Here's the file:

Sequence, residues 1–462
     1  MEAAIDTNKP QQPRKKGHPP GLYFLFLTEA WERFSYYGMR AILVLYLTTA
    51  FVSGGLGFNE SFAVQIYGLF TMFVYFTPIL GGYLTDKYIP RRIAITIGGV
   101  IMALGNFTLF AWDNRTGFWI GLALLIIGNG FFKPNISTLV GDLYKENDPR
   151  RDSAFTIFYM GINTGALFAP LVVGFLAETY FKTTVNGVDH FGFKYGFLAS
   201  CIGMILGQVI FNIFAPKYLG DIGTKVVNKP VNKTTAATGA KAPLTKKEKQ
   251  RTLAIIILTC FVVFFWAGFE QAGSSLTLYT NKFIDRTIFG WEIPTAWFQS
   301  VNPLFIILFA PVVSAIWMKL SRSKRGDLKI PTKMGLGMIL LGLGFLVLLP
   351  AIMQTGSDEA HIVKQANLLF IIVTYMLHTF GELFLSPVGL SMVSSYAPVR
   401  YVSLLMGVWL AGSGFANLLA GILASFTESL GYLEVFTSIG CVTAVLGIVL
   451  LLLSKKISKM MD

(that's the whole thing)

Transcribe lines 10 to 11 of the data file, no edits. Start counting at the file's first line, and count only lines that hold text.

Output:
   401  YVSLLMGVWL AGSGFANLLA GILASFTESL GYLEVFTSIG CVTAVLGIVL
   451  LLLSKKISKM MD